The last installment from the Advanced Research program, prior to this year, was the 2011 ref. 5550 Perpetual Calendar. This was also a limited edition of 300 watches, and featured, in addition to the Pulsomax escapement and Spiromax balance spring, a silicon balance wheel. The entire assembly of silicon regulating organs – escape wheel, lever, balance spring, and balance – was referred to as the Oscillomax "ensemble" by Patek Philippe."
"These parts must be used as machined … which works for an industrial approach, but excludes any hand-finishing — which is an integral part of high-end watchmaking."
Stephen Forsey, the New York Times, 2010
Up until this point, the Advanced Research Program had been technically innovative, but in a fairly narrow (albeit critical) way; all silicon innovations, and all related to the regulating organs. The watches had also been stylistically conservative, perhaps to allay doubts Patek fans might have about the degree to which Patek remained committed to traditional watchmaking. After all, adopting silicon means some performance improvements, but it also means abandoning traditional adjusting and finishing techniques. Max Büsser and Stephen Forsey (of MB&F and Greubel Forsey) framed the problem in an interview with the New York Times, in 2010:
"’As soon as you have silicium components, they necessitate high-tech wafer technology,’ Mr. Büsser said. Such pieces ‘not only cannot be redone, if you do not have the technology and exact plans, but as the technology will evolve, the parts made today will probably not be reproducible in the future.’"
"Mr. Forsey agrees: ‘These parts must be used as machined,’ he said, ‘which works for an industrial approach, but excludes any hand-finishing — which is an integral part of high-end watchmaking.’"
To put things a bit in context, a modern luxury watch, with much of its finishing automated or semi-automated, and with a Nivarox balance spring and Glucydur balance, is not exactly the kind of thing that a watchmaker working by hand with traditional materials can reproduce either. Like it or not, modern watches, even without silicon, are not hand-made from scratch; virtually all are produced with computer guided milling machines and involve, increasingly, other high tech manufacturing techniques like LIGA as well. The point remains, however, that silicon does exclude hand finishing by its very nature, and the very exactness with which parts can be reproduced, while a dream for watchmaking for centuries, is also at odds with the element of hand-craft; the real question, then, is if the improvements in performance justify the trade-off. Patek clearly believes this is the case, and, of course, there is still a significant amount of hand-finishing elsewhere in the movement.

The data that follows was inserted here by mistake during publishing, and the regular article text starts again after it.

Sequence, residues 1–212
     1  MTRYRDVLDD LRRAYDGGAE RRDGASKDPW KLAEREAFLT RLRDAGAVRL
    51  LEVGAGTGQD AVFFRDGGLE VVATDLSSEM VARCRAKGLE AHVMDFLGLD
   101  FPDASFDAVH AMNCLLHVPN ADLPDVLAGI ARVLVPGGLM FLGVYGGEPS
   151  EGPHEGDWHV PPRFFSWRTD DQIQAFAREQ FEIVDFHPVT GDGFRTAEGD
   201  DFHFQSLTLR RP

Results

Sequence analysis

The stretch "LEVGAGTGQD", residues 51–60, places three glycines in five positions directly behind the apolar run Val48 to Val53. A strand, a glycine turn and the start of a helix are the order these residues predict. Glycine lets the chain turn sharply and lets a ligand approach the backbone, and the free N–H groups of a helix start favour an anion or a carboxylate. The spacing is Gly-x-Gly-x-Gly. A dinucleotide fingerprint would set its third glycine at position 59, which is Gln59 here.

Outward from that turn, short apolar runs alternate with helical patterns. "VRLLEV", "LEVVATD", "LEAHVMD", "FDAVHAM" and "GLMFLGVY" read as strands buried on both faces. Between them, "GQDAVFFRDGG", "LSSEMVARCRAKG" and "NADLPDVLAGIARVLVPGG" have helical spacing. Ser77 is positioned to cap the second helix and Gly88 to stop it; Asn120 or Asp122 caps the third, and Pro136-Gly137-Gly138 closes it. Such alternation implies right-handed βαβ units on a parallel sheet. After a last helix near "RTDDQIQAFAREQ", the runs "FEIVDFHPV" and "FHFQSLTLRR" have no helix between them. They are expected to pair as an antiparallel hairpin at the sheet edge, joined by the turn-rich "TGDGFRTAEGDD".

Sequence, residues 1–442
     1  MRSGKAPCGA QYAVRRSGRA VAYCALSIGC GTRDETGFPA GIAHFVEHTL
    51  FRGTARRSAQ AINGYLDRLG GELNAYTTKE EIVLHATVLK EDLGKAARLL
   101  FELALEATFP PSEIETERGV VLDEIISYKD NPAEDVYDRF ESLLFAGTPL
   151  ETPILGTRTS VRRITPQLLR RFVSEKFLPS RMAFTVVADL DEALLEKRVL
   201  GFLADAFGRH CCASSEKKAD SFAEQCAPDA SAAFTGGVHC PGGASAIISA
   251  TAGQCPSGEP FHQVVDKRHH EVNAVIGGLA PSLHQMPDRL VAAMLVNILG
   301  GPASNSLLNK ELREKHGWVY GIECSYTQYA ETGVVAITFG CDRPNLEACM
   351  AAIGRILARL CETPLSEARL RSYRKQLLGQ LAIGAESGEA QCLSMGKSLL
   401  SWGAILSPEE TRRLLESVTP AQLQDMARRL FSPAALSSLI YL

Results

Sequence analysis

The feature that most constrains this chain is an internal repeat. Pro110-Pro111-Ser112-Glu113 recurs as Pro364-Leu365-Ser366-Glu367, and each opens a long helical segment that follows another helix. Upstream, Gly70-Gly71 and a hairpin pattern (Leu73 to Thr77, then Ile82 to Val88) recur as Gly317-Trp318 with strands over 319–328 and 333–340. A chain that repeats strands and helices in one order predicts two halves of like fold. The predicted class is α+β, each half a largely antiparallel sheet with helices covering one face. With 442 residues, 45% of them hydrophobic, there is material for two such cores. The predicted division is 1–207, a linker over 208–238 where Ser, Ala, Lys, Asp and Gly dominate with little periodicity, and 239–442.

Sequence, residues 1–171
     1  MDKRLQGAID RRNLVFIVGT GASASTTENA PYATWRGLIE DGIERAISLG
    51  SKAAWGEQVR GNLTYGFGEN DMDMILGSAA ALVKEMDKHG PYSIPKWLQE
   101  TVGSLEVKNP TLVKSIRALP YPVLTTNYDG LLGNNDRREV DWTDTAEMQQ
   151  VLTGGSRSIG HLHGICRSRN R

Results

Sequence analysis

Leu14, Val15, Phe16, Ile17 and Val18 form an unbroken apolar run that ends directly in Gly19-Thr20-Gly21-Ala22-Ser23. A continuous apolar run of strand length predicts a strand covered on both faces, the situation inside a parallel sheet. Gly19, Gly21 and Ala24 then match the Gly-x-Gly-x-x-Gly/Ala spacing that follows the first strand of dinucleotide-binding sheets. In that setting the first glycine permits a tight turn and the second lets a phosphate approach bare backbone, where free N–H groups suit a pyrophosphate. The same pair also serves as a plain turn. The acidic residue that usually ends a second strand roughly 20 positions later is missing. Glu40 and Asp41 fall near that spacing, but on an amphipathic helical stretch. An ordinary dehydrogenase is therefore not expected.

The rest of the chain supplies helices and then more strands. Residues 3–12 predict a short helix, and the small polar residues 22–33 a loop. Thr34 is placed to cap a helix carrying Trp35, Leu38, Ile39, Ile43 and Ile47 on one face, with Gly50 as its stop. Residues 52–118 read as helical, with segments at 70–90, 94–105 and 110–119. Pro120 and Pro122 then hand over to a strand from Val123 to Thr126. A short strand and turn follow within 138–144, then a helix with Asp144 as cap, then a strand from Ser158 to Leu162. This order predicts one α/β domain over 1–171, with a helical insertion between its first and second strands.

After 2011, the Advanced Research program at Patek Philippe went dark, and six years were to pass before the next Advanced Research watch.
2017: The Aquanaut Travel Time Ref. 5650G "Patek Philippe Advanced Research"
The Advanced Research Travel Time is an obvious departure from previous Advanced Research watches. It is, first of all, the first Advanced Research watch to not be an annual or perpetual calendar; it is the first not in a round case; and moreover it’s pretty resolutely non-traditional in styling. In addition, it’s the first Advanced Research watch to present an innovation in a material other than silicon.
The first, and most obvious, innovation is the "compliant (flexible) mechanism in steel." This is the mechanism for adjusting the GMT indication forwards and backwards.
You can see the "compliant mechanism" on the left, and it’s a pretty piece of work. It’s all in steel; there are no exotic materials used, and while Patek says it required considerable computer time, as well as high tech manufacturing methods (the press release isn’t specific but electric spark erosion is a reasonable candidate) it’s still, strictly speaking, traditional watchmaking with traditional materials. It is fun to think, given its appearance, that it might have been nicknamed "the Crab" at Patek.
The level of precision required probably could not be achieved with classical methods – the clearance between the leaf springs, where they form an "x," is only 150 microns – but the whole thing is hand-finished (which must have been, given the configuration of the mechanism, and to put it colloquially, a royal pain in the ass for whomever had to do it) and it looks very cool as well. It has a kind of intuitive appeal; almost no one could imagine such a thing but the basic principle, and construction, seem obvious and self-evident when you see it working. The easiest way to understand how it works is to watch this little short from Patek Philippe.